The University of Maryland RHA voted Tuesday night to pass resolutions in support of the university’s housing, dining and transportation fee proposals for the 2021-22 academic year.
The discussions on the resolutions were some of the most contentious of the academic year. Some members objected to certain increases for the upcoming academic year, citing the financial burdens brought on by the coronavirus pandemic. The University System of Maryland implemented a freeze on tuition and room and board fee increases for the current academic year.
The proposals, developed by the university’s Resident Life, Residential Facilities, Dining Services and Transportation Services departments, were all presented to committees within the Residence Hall Association earlier this month. These committees, along with other student advisory groups, are part of the first of five steps in the student fee review process.
Ultimately, all three resolutions on the proposals passed.
The housing fee resolution, written by Jason Spizuoco, a senator-at-large and junior aerospace engineering major, passed 12-2 with no abstentions.
Under the housing fee proposal, a double room in a traditional air-conditioned dorm would cost $8,072 for the next academic year. This marks $317 more — a 4.09 percent increase — from the current academic year.
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The discussion about the proposed housing fee increase was the longest the RHA has had on a resolution this academic year.
Senator Aiden Wechsler advocated against the housing fee proposal. He pointed out that the pandemic’s strain on the economy has left students and students’ parents unable to find work. Wechsler suggested delaying the fee increases until the economy is more stable.
“I agree that there is a need to increase the fees, somewhat, but I think my problem with this is how much we are increasing it by,” the freshman government and politics major said.
The resolution to approve the dining fee proposal, written by Dining Services Advisory Board chair Scott Fleischmann, passed unanimously.
This fee proposal sets the base campus meal plan at $4,916 for the following academic year for an increase of $156 — 3.28 percent more than the current academic year.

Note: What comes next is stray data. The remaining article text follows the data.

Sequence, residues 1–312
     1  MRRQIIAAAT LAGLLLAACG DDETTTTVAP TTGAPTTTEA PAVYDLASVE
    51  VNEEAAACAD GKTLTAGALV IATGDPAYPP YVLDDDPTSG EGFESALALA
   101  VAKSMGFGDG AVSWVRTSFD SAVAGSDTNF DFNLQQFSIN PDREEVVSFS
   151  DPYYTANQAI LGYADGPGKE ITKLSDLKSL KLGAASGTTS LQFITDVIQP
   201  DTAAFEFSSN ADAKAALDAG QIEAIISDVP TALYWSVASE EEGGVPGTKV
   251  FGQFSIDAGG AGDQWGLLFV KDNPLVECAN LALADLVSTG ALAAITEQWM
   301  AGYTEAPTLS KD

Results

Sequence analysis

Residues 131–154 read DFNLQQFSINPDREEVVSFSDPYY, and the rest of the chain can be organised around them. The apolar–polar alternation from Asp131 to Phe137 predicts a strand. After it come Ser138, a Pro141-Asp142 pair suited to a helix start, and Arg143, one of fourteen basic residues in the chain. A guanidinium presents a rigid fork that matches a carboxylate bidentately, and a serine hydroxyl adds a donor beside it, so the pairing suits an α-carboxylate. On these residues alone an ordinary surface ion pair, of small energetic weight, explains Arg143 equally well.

Fleischmann, a freshman electrical engineering major, said the bulk of this increase stems from mandatory operating costs due to wage adjustments and increases in utility, maintenance and food prices.
The transportation fee resolution, presented by Transportation Advisory Committee chair Amanda Nwokoro, a freshman enrolled in letters and sciences, also passed unanimously. The fee goes toward salary and wage adjustments for Department of Transportation Services employees and increase in employment benefits and Facilities Management maintenance, among other necessities.
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The proposed fee is $346 for commuter students and $669 for residential students, a $10 and a $19 increase, respectively.
Alec McCarren, RHA vice president and a senior economics and mathematics major, had voted against the transportation fee resolutions for the past three years because he said he did not believe DOTS has a sustainable funding model.
This year, he voted in favor because he sees that DOTS is improving, noting the minimal increase in fees for parking permits.
“The moves that they’ve made in the past year are generally good — and very good for student fees,” he said.
The next step of the student fee review process, which is not dependent on the RHA’s approval, is review by the Committee for the Review of Student Fees, the highest level of the process in which students are involved. RHA President Emily Berry is one of several students on this committee who provide input about the fee proposal.
The proposals will then go to this university’s presidential cabinet and President Darryll Pines. The Board of Regents will make the final decision.
CORRECTION: Due to a reporting error, a previous version of this article misstated that RHA senators wrote and presented the fee proposals. The fee proposals are developed by university departments. The RHA voted on resolutions to voice its approval of the university’s fee proposals. A previous version of this article also misstated that the RHA as a whole is a student advisory group for the fee review process. The student advisory groups that review these fees as the first step in the process are the RHA’s subcommittees on resident life and residential facilities, dining and transportation services. This story has been updated.